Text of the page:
Re: Metric Transposing

john kling

Do machines of the electronic lead screw variety work well with those impossible to represent  precisely by gear threads? I take it these to have some limit of accuracy based on the motor steps.

From: Paul Alciatore
Sent: Wednesday, December 11, 2013 4:19 PM
Subject: [SOUTHBENDLATHE] Re: Metric Transposing


>I guess what I'm saying is the 127 gear will work for only one pitch
>in metric. All the other threads would need there own set up of
>gears. Changing gears on a lathe is a pain to say the least. I would
>also mention the cost of all those gears.
>Nelson Collar

If you do not understand the math and haven't done it, then do not
make such statements. I have made and sold the 127/100 transposing,
compound gear and do understand and have done the math. I have an
Excel spreadsheet that details all (well a lot of) the possible
thread pitches, both using the transposing compound and without it.
It lists all common and some uncommon metric threads and the gear
train used to cut them PRECISELY. It is for use with manual change
gears, not a QC gear box.

It is all about ratios. Gears have a integral or whole number of
teeth: 10, 11, 12, 13, etc. They can not have a fractional number of
teeth (like 12.5) and they particularly can not have an irrational
(like pi) number of teeth. So the ratios that you can get with gears
can ALWAYS be expressed by fractions with whole numbers for the
numerator and denominator. ALWAYS! That is mathematically certain.
The international groups that are responsible for such things have
changed the DEFINATION of the inch to make it precisely 254/10 mm or
25.4mm. This is now an exact definition and all further decimal
places in this number are zeros. PERIOD. No rounding. No fudging. No
NOTHING. It is exactly precise BY DEFINITION.

The number 254 is not a prime number. It is equal to 2 x 127 and both
of these numbers ARE prime. So, when we are converting a thread pitch
(like the lead screw's) we must include a gear with 127 teeth or a
higher multiple of that number (254, 381, 508, etc.) But 127 is high
enough so it is generally the only one of these that is used.

Now, of course, metric threads, like English threads require
different, additional gears to create each one: these additional
gears can be in a QC gear box or mounted behind the head stock on the
banjo. And those additional gears will be different for each
additional pitch in order to get the correct, the precisely correct
metric pitch. But, for any metric pitch that is a rational number (a
number that can be expressed as a fraction with whole numbers in both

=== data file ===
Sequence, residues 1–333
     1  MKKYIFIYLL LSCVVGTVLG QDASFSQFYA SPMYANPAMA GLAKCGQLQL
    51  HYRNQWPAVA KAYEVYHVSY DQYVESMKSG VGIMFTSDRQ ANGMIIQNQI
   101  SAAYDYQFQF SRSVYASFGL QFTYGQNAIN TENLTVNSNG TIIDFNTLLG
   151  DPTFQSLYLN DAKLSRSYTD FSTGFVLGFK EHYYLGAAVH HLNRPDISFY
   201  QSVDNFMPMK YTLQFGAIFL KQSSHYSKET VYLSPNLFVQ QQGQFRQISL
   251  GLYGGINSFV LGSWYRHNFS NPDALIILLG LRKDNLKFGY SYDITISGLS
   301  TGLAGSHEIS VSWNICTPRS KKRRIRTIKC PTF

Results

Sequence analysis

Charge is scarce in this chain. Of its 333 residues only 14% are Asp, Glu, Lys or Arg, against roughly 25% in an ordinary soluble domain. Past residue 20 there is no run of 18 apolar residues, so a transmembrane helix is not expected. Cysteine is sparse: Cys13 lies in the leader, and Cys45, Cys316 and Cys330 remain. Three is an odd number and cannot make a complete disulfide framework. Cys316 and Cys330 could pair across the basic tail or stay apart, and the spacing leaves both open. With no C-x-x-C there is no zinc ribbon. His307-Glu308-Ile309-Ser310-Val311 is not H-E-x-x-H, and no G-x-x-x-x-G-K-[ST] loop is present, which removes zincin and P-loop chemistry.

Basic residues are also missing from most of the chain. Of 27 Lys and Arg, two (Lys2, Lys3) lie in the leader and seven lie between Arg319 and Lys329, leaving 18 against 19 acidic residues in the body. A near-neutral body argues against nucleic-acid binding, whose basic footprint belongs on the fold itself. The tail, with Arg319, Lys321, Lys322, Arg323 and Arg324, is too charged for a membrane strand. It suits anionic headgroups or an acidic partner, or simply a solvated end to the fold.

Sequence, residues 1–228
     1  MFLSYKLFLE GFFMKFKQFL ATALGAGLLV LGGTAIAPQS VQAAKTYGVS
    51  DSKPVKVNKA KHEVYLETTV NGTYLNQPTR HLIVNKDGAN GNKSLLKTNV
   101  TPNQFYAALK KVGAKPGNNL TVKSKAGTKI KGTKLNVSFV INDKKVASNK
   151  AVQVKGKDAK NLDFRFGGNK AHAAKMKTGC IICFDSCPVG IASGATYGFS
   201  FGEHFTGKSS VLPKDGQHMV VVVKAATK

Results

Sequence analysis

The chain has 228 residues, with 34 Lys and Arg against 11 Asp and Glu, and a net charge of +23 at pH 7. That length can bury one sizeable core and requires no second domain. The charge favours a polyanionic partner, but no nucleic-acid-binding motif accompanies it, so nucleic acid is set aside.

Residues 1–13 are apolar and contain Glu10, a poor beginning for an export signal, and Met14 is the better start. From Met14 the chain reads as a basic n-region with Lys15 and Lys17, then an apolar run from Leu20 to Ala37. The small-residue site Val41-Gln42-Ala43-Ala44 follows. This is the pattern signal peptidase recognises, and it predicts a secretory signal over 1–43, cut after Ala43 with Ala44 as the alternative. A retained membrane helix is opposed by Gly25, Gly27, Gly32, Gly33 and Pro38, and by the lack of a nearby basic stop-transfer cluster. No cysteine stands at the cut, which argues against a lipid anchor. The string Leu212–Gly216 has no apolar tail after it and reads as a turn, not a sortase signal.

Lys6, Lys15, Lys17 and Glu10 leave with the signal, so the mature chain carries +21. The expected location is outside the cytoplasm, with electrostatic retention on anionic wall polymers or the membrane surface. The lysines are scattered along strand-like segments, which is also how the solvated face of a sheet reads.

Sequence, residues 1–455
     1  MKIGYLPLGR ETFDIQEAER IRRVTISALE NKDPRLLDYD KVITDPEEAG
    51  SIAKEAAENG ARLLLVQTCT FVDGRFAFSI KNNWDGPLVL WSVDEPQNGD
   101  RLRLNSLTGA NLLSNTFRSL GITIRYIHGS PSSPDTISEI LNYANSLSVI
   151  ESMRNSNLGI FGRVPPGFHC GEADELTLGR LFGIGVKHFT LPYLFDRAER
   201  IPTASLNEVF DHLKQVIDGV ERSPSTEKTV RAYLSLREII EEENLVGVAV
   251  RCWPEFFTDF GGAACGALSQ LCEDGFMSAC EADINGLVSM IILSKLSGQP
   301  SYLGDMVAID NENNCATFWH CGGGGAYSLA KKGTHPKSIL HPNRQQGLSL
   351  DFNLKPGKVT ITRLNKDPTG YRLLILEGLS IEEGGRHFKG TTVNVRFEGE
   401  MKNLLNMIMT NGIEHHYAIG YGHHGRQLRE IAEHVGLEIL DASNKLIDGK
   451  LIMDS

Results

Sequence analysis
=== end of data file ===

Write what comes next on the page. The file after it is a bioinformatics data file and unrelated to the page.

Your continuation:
the numerator and the denominator) you CAN cut that precise thread
with an English lead screw and a 127 tooth gear in the gear train.
Yes, you do need a set of gears. And yes, they can cost some money.
But I have had good luck on E-Bay.

Additional thoughts: First, English threads are set up in Threads per
Inch while metric threads are set up in MilliMeters of lead. These
are reciprocal units: one is a length and the other is 1/a length.
When you use whole numbers or simple fractional steps in one of these
systems you get a different kind of sequence of steps than in the
other system. What this means is, it should be NO SURPRISE that a
quick change gear box that is set up for one system will not make a
neat sequence of common threads in the other. With a QC gear box you
have a hit and miss combination of threads of the other system that
are possible with a given set of gears leading into that box. So, if
you are using a QC gear box, you may have to change other gears in
the string before the box in order to get a complete set of metric
threads. More work, but it IS POSSIBLE for any standard and most non
standard metric threads.

Second, There are thread pitches that can not be precisely cut with
any set up on a lathe and these pitches are perhaps the origin of
your statement that some are not possible. They are NOT metric
pitches. They are the pitches needed for some worms. A worm gear in
English measure is generally cut with a diametric pitch (DP) which is
defined as a certain number of teeth per inch of diameter. But,
because the circumference of a circle (the pitch circle) is equal to
the diameter x pi and because pi is an irrational number, the pitch
of the worm screw is irrational weather expressed in TPI or inches of
lead. Therefore, since gears can only be set up for rational ratios,
it is not mathematically possible to set up any gear ration to cut a
precise worm. There are ways to calculate a gear train that is close
to the exact value, but it can not ever be mathematically precise.
This may be the source of your statement.

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